Shoshone County Mining & Smelting Museum

History

A Brief History of the Museum

      The Staff House was constructed in 1906 by the Bunker Hill & Sullivan Mining and Concentrating Company as the residence for Manager Stanly A. Easton and his bride, Estelle.

      Easton, the son of a California Episcopalian Minister, become the manager of the Company’s Kellogg operations in 1903 after graduating from the University of California in 1894 with a degree in Mining Engineering. For 55 years he rose through the management of Idaho's largest mining enterprise to Company President in 1933 and Chairman of the Board 1954-1958. Bunker Hill was Idaho's largest industrial employer when Easton retired. He was elected to the Idaho Hall of Fame in 1999.

     In 1923 the house was converted to a residence for single Bunker Hill staff members and become known simply as “the Staff House.”

     Modifications called for creation of nine bedrooms and four baths, plus a basement recreation area used for company meetings and social activities for decades.

     When the Bunker Hill Company closed in 1981, following 94 years as one of the larger mining and smelting complexes in the U.S., the house sat idle, without heat or maintenance, until 1986. That year a group of local citizens purposed opening the house as a mining and smelting museum and the company agreed. With hard work by museum board members and volunteers, the museum opened that same year with three rooms of exhibits. Later the company turned over title to the house and property for a nominal amount.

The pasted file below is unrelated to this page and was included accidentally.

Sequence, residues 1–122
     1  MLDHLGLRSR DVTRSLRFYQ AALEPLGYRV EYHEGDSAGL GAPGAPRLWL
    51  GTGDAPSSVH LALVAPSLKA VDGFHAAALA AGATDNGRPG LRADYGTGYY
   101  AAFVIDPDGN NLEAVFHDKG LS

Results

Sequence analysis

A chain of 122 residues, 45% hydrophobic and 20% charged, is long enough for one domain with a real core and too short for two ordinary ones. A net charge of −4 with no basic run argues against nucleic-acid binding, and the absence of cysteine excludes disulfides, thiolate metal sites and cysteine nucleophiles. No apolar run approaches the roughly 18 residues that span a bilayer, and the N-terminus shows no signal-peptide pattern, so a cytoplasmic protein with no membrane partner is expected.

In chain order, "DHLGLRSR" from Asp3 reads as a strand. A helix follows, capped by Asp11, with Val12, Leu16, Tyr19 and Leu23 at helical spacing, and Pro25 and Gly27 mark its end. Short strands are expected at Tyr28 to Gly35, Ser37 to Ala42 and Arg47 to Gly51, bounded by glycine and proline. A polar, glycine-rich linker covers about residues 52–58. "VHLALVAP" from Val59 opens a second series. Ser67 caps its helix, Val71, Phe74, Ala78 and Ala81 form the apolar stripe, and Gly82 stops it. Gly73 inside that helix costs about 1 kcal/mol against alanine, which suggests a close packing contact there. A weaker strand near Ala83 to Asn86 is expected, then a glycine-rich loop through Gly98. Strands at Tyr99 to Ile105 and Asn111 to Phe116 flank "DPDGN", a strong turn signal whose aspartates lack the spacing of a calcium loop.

Work continued from then forward to repair and maintain the building as an attractive tourist stop and effective repository for the artifacts, collections, and exhibits that tell the story of one of the nation’s largest and richest silver discoveries.

    Within three years displays occupied a dozen rooms on the two floors as well as in the basement and a grant made possible the creation of cement pads for display of mining and smelting equipment too large to be housed inside.

     In 1990 the museum acquired the 1899 Nordberg Air Compressor. To provide a foundation for the 73.5 ton compressor required 606 hours of volunteer labor and a large donation of concrete.  The compressor area was landscaped and a brick memorial walkway installed.  More than 900 bricks have been sold to date and are still an effective way to support the museum and pay tribute to friends and loved ones.

     The Staff House Museum now houses a well stocked gift shop, 13 exhibit rooms and a small area suitable for private and public events.

     The Museum is operated by a volunteer Board of Directors, and is staffed by a paid hostess seven hours a day,six days a week, from Memorial Day Weekend through September. In addition, special visits may be arranged outside the usual summer schedule.

 

 

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